Malati is 28 years old, and lives in a remote village in Surkhet District, Nepal, with her extended family: father-in-law (59 years old), mother-in-law (55 years old), husband (32 years old), two daughters, aged eight and six, and one-year-old son. Educated to grade eight, Malati is the only income-earning member of the family. Malati says that her husband wanted to join the Nepal Army; however, after several failed attempts, he stays home with no interest in earning an income for the family. Her parents-in-law move between Surkhet and India where her elder brother-in-law resides. Her father-in-law is unwell much of the time. Her mother-in-law does most of the cooking, farm work and childcare when Malati is busy with her paid work.
Like many women in rural Nepal, Malati is engaged in multiple self-employment activities which take up most of her time. She has a small retail store near her house, equipped with a sewing machine, where she also stitches clothes on order. She sells local alcohol on the side. She is a member of the Pavitra Seed Cooperative and has recently started cultivating seeds but due to lack of irrigation she does not produce them on a large scale. After the birth of her youngest son, she stopped the tailoring work and instead focused on the store and alcohol-making. Malati single-handedly runs these small-scale enterprises with no support from her husband or family.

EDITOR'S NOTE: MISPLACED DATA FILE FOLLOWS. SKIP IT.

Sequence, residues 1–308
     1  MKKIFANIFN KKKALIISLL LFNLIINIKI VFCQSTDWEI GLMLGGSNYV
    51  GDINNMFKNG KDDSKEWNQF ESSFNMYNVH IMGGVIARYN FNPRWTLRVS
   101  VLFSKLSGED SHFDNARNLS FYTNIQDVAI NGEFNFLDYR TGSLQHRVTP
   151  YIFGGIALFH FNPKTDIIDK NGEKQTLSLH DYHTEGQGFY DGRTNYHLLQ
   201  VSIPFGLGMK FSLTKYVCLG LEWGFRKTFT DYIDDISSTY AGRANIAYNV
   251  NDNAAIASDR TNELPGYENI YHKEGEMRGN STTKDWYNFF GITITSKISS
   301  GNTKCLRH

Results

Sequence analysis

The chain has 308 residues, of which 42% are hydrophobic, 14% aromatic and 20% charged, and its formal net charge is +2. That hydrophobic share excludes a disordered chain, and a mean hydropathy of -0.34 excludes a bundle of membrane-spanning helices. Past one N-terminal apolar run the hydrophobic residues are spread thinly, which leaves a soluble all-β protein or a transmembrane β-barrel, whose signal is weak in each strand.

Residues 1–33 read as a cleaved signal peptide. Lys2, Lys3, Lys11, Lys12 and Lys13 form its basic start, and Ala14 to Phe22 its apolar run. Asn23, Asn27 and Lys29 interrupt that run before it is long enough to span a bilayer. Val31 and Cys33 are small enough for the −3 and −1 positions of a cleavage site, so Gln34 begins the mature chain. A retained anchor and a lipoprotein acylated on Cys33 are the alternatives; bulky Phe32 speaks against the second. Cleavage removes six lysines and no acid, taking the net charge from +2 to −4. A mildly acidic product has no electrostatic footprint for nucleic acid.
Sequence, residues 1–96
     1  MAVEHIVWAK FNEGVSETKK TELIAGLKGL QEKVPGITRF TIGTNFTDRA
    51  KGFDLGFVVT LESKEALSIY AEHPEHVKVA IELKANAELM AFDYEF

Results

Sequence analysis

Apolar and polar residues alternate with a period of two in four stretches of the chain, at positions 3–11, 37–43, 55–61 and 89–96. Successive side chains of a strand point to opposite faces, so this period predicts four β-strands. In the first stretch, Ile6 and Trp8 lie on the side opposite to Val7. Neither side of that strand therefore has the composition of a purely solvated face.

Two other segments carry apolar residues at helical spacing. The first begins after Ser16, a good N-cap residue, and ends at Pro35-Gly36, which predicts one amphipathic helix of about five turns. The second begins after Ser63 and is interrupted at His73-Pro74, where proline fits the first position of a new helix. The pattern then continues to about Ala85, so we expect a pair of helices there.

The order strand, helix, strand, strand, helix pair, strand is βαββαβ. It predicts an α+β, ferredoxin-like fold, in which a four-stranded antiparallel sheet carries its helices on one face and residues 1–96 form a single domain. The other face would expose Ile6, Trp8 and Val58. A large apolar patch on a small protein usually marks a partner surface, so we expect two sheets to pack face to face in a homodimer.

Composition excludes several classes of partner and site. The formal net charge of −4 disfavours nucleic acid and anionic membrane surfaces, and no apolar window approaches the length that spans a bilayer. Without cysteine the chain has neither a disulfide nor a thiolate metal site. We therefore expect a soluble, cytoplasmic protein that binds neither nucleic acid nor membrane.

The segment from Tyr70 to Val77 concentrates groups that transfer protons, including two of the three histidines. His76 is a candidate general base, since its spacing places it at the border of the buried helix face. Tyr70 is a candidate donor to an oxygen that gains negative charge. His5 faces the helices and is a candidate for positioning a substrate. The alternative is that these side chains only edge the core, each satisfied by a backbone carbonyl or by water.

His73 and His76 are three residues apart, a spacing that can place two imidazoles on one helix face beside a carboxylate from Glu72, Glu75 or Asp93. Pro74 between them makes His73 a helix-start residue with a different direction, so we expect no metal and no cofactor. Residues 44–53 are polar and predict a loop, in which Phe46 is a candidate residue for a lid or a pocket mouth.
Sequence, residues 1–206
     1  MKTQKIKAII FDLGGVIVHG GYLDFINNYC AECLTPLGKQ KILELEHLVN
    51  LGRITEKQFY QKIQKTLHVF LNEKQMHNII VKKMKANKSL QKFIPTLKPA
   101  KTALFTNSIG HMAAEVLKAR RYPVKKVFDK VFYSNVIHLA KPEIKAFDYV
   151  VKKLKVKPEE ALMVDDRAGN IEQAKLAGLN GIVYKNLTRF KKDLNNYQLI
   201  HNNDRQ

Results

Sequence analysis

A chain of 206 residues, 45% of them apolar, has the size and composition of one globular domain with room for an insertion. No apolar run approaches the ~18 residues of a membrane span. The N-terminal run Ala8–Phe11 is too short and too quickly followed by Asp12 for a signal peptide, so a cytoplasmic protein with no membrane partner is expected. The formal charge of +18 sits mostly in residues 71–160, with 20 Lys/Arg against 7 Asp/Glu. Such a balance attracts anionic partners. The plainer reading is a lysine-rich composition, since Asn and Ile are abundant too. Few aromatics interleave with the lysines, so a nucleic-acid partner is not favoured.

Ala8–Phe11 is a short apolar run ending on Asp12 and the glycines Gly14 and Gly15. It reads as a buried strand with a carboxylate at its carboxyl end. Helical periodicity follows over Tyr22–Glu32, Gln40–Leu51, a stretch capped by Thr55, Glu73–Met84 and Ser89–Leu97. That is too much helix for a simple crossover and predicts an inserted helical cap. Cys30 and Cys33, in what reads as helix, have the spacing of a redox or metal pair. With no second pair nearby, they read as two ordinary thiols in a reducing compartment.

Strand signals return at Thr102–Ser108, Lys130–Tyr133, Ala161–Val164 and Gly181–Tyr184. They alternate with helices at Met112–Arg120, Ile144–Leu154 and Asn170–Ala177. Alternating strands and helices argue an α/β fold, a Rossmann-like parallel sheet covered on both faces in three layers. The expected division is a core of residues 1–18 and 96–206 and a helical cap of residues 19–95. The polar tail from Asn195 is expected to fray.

Besides paid work, Malati’s daily routine includes performing care tasks and household chores. Her daily tasks include fetching water from a community tap, cooking, feeding her children, taking care of her son, collecting fodder and firewood, and other farm-related work. While her mother-in-law helps her with the cooking and farm-related work, Malati has the primary responsibility of looking after her toddler, fetching water, and collecting firewood and fodder. Her father-in-law is unwell but occasionally helps take care of the children. Her husband rarely stays at home and sometimes helps with fetching water. He helps to cook and takes care of the children only when the women are sick or away. The wider community sometimes provide support with care duties to women who live in nuclear families but because Malati’s in-laws live with her she receives no such help.